New Yorkers lost over $30M to romance scams in 2023: Study

In an era where love often begins with a swipe, the potential for heartbreak or even worse is staggering.

According to a recent study by Social Catfish, Americans lost a shocking $1.14B to romance scams in 2023, part of a growing epidemic being driven by sophisticated technology. 

New York ranked fourth in the nation for total number of victims, with 819 people losing a total of $30.2M.

While that represents a 10% decrease in victims from 2022, the average loss per victim remained a high $36,931.

California, meanwhile, topped the list, with 2,024 victims losing a total of $100.6 million, with Florida and Texas following, with losses of $62.9 million and $54.1 million, respectively. 

According to the study, scammers have revolutionized romance scams by using the latest in cutting-edge technology, including artificial intelligence and deepfake videos, allowing them to conduct real-time video calls with potential victims while appearing as someone else. 

For instance, Fortune reported that a South Korean woman lost $50,770 in a romance scam after she fell in love with a deepfake version of Elon Musk.

Another case involved a Massachusetts woman who sent $24,000 to a scammer posing as Facebook CEO Mark Zuckerberg, who claimed to be in love with her and needed money for legal fees.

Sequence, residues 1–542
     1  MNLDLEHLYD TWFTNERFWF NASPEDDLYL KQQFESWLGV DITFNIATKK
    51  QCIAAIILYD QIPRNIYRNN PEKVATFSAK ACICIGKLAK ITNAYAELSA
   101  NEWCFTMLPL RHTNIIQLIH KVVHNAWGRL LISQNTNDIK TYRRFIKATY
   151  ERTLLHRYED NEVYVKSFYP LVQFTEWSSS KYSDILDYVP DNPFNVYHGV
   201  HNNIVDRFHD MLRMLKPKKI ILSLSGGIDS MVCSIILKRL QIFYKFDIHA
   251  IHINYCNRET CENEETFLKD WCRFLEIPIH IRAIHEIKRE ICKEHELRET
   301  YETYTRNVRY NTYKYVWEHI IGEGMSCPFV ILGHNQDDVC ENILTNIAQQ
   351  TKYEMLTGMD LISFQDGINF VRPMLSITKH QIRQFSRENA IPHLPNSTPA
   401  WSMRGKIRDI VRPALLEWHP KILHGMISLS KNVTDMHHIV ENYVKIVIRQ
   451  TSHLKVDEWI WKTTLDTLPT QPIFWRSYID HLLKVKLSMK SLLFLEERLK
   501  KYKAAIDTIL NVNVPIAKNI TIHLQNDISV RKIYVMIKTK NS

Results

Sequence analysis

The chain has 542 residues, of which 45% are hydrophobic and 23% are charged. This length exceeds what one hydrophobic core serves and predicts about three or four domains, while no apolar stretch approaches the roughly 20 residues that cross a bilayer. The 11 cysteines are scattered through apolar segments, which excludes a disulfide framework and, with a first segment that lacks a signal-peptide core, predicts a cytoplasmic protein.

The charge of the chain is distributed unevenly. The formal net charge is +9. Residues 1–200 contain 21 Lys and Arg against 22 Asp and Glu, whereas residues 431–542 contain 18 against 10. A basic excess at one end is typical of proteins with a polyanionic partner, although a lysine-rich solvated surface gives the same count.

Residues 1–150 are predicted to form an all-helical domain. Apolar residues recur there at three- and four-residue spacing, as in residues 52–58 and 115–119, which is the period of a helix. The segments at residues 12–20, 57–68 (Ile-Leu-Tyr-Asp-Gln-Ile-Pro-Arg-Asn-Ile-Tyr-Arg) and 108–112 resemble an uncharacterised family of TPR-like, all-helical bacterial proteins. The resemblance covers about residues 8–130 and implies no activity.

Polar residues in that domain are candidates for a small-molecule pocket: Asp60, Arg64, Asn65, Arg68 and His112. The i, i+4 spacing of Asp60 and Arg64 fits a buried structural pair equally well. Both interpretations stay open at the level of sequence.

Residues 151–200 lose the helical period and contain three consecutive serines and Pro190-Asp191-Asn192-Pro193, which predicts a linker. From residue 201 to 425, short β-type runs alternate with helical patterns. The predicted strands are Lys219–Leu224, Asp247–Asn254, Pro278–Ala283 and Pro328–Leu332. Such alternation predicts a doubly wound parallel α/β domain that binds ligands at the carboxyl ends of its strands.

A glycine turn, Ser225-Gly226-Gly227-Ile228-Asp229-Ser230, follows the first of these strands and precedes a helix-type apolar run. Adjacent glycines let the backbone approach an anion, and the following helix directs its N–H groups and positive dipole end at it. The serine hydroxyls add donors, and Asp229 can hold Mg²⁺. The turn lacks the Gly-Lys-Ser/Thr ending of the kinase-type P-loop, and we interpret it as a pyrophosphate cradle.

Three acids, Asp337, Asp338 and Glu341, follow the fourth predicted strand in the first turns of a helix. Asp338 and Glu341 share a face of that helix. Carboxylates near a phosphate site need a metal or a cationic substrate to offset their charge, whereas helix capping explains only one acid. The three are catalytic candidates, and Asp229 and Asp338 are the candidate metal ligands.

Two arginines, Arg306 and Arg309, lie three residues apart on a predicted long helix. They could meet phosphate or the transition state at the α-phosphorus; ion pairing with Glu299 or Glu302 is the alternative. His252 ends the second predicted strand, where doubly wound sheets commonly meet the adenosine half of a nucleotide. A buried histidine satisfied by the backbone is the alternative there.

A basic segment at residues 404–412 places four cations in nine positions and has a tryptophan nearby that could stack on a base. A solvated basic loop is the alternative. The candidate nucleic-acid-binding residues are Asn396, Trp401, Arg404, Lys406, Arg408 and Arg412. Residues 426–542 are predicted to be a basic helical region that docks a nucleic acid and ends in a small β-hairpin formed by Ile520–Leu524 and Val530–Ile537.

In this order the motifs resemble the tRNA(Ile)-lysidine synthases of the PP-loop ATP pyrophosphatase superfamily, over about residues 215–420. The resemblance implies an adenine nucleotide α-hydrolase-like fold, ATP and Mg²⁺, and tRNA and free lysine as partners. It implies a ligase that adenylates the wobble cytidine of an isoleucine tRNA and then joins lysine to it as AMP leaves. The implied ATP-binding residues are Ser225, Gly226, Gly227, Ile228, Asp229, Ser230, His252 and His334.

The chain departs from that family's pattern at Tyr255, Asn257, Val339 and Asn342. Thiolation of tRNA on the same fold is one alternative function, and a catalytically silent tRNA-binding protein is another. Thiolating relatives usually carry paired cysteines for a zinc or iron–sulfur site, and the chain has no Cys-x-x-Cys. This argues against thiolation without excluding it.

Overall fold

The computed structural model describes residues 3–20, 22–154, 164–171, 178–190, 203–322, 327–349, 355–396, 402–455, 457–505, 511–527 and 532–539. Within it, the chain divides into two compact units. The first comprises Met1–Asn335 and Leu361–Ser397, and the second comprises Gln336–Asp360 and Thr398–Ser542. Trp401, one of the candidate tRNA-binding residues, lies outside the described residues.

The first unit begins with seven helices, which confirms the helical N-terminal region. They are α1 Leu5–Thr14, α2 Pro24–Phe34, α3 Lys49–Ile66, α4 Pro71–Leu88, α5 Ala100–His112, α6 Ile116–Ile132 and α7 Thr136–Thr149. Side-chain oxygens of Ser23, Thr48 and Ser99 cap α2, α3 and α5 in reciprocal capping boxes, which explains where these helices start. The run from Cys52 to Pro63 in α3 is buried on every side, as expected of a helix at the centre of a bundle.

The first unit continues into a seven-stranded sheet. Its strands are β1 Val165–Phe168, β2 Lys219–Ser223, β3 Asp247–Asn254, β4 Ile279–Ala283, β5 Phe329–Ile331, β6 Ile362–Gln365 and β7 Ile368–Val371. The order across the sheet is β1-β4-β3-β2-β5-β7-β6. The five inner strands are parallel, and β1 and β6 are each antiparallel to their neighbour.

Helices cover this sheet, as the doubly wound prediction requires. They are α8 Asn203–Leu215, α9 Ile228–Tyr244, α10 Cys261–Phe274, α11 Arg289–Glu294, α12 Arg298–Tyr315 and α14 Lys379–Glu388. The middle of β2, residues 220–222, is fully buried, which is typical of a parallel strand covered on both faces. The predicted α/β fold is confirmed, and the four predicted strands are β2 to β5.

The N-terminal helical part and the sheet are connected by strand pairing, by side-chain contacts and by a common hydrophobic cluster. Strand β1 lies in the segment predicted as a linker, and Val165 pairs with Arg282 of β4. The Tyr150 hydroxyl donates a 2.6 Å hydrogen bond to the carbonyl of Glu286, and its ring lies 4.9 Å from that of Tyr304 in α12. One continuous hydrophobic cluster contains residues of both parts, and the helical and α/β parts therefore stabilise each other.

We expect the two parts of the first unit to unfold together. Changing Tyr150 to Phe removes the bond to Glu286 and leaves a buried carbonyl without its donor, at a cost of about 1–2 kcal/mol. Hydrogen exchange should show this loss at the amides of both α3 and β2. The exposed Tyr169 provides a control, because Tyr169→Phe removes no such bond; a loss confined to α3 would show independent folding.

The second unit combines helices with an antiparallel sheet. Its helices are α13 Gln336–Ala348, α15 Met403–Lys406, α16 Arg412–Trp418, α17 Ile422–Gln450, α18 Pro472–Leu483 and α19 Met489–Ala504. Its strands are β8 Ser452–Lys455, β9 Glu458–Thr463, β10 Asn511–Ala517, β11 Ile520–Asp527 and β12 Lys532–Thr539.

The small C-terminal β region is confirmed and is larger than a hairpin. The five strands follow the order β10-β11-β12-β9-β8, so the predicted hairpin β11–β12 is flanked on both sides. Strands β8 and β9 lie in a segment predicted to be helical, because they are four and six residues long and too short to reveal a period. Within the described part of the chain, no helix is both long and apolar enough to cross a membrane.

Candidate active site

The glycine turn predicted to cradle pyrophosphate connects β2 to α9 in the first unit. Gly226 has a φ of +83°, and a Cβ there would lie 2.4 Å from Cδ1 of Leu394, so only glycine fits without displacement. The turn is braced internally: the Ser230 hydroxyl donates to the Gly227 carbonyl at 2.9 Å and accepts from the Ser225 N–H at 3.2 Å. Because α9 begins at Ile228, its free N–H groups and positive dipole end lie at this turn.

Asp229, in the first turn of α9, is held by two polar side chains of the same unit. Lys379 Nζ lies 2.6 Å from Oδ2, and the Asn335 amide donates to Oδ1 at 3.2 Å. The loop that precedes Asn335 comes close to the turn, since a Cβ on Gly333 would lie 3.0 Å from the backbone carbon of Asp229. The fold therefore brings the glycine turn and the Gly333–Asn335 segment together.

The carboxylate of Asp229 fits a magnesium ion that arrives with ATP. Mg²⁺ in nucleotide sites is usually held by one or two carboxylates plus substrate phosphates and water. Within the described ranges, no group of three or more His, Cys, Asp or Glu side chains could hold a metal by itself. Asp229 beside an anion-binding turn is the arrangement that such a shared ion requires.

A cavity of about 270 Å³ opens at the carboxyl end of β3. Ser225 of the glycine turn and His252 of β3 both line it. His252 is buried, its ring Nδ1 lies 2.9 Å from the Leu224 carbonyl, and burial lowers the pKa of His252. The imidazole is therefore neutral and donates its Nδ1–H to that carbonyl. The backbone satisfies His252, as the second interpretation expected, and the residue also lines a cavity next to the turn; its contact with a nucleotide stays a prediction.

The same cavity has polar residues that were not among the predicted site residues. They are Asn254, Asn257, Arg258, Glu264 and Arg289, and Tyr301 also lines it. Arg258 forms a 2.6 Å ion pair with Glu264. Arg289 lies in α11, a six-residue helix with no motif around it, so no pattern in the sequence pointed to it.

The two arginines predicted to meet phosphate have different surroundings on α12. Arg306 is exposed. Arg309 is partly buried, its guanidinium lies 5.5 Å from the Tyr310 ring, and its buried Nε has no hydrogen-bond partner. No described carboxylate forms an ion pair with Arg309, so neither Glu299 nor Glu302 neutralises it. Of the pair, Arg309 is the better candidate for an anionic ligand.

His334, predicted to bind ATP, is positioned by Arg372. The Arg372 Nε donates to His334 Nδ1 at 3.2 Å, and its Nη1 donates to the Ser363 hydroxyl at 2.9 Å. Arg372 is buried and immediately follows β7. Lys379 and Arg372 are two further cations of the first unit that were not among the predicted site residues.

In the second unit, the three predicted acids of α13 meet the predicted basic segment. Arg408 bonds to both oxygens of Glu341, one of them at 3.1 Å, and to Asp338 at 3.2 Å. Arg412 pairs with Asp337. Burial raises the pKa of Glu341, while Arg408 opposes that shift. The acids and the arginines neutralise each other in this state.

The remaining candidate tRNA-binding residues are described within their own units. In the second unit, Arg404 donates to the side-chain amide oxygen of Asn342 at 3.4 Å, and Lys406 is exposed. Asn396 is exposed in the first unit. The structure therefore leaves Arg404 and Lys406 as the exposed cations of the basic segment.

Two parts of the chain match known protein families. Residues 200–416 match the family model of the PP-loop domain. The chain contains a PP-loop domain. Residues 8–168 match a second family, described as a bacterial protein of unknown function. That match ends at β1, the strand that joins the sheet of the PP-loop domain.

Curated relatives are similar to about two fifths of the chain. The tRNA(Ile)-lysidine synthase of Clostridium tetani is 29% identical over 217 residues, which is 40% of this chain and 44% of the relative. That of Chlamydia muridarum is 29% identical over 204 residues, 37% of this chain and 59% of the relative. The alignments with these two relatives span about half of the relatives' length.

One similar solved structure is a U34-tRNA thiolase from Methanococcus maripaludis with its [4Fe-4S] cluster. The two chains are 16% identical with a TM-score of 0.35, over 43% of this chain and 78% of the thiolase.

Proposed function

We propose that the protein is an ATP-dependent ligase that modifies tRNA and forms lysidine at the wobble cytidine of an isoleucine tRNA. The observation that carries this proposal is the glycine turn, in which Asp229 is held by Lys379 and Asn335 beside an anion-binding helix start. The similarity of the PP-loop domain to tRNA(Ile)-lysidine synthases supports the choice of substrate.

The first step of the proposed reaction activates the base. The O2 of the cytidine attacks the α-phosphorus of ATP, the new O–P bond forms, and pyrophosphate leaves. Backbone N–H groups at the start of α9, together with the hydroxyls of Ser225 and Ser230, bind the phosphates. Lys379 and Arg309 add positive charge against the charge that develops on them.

The scams commonly use cryptocurrency as a payment method, luring their victims into supposedly "can't lose" crypto investment opportunities, only for the funds to vanish. 

The anonymity and irreversibility of cryptocurrency transactions make recovering lost funds nearly impossible for victims.

In order to avoid falling victim to these scams, experts from Social Catfish recommend the following:

Perform a reverse image search to confirm the person's true identity.

Review this leaked Nigerian scammer training manual to learn to spot scams.

Never send money to anyone you meet online

Insist on video chatting, and watch for AI glitches, such as unnatural blinking or inconsistent facial expressions

Never invest without speaking to a third-party financial planning professional

Be cautious when someone professes their love for you quickly.

If you suspect you've been scammed, here are some steps you can take:

Report the incident to local law enforcement, the FTC, and the FBI Internet Crime Complaint Center.

Stop all communication with the scammer and block them on all platforms.

Change your online passwords and enable two-factor authentication.

Monitor your bank accounts and credit cards for unusual activity.

Do not be ashamed, you are not alone, seek help from your family, friends and a mental health professional counselor.